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Unformatted text preview: Dick Lynch
MIT Sloan School of Management
October 1, 2003 "Safe Harbor" Statement
This presentation contains statements about expected future events and financial results that are forward-looking and subject to risks and uncertainties. For those statements, we claim the protection of the safe harbor for forward-looking statements contained in the Private Securities Litigation Reform Act of 1995. The following important factors could affect future results and could cause those results to differ materially from those expressed in the forward-looking statements: materially adverse changes in economic conditions in the markets served by us or by companies in which we have substantial investments; material changes in available technology; an adverse change in the ratings afforded our debt securities by nationally accredited ratings organizations; the final outcome of federal, state, and local regulatory initiatives and proceedings, including arbitration proceedings, and judicial review of those initiatives and proceedings, pertaining to, among other matters, the terms of interconnection, access charges, universal service, and unbundled network element and resale rates; the extent, timing, success, and overall effects of competition from others in the local telephone and toll service markets; the timing and profitability of our entry into the in-region long distance market; our ability to combine former Bell Atlantic and GTE operations, satisfy regulatory conditions and obtain revenue enhancements and cost savings following the merger; the profitability of our entry into the broadband access market; the ability of Verizon Wireless to combine operations and obtain revenue enhancements and cost savings; our ability to convert our ownership interest in Genuity Inc. into a controlling interest consistent with regulatory conditions, and Genuity's ensuing profitability; and lastly, our accounting assumptions are subject to review by regulatory agencies, including the SEC, and changes in the assumptions as required by those agencies or any changes in the accounting rules or their application could result in an impact on earnings. Wireless devices will be the centerpiece of information and services for customers... anytime, anywhere. Wireless Environment Growth Consolidation Pricing Spectrum Strategic Imperatives Subscriber Growth Revenue Growth OCF Growth Results-focused culture Strong Fundamentals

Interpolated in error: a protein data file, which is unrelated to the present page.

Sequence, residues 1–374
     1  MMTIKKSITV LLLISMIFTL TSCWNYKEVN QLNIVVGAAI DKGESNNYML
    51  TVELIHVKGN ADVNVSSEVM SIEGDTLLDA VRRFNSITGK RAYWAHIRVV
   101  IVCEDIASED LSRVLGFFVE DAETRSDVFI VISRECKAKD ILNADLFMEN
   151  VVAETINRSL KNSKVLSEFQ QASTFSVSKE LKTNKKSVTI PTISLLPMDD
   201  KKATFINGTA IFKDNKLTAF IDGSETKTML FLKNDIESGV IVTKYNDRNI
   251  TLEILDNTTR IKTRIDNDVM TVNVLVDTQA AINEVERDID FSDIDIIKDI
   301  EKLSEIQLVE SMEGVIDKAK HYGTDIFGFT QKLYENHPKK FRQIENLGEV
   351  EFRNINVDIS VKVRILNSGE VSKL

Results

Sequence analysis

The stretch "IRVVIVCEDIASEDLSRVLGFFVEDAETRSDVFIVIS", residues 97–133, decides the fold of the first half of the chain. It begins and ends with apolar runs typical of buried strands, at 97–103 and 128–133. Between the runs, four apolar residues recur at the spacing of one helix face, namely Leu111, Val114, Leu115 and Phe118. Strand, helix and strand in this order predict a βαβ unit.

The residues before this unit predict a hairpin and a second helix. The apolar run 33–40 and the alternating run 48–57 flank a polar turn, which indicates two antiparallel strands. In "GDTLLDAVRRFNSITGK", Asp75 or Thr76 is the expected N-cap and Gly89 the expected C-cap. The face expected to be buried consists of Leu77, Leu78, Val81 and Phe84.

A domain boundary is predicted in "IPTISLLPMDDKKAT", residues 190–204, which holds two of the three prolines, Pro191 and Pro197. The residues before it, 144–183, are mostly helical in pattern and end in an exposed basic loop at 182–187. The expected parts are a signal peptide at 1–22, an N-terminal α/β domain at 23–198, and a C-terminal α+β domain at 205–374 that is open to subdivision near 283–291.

Quality of ... Subscriber base Network Cost structure Customer value proposition Profitability Strong Fundamentals
Quality of Base Most subs in US (34.6 M) Base: Primarily contract Churn: 1.7% (2Q03) ARPU accretion Data Subs: 6.7 M Strong Fundamentals
Quality of the Network Capex: $4.4 $4.7B Highly efficient: cost & capacity 100% POPs digital Early provision of new products Strong Fundamentals
Low Cost Structure Merger integration Systems conversions Procurement flexibility National Company Branding Standardization Distribution Customer Service Strong Fundamentals
Value Proposition for the Customer Pricing National, regional Simplified Products Voice Data Loyalty Strong Fundamentals Quality of Financial Results
Second quarter Revenue Op. Income EBITDA Service revenue/sub Cash expense/sub $5.0 $981M $1.9B $49 $30 15% 8% 12% 1% 1% Industry-leading Net adds of 1.295 M Industry-leading Net adds of 1.295 M Products and Services Messaging Telematics
IP re ork Co tw Ne Int'l Roaming Location Svcs OTA WIN VPN Compression d he tc wi rk S uit two rc Ci Ne Products and Services
Customer Applications PC Connection Client Corporate Ethernet Corporate 802.11 Public Hot Spot (802.11) VZW 1XRTT VZW 1X EV-DO (Future) Firewall Internet Connectivity transparency is a must Enterprise Applications Enterprise Service Platform
Wired Network AAA Server Wireless Network Customer Prem 1XEVDO 1XRTT 802.11 Consumer Service Platform
Voice Service Push-to-Talk SMS Messaging IM Video Clips MP3 Downloads Get It Now In wireless, the right technology is the platform to success..... ...
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This note was uploaded on 01/17/2012 for the course MGMT 15.020 / 1 taught by Professor Prof.jerryhausman during the Fall '03 term at MIT.
- Fall '03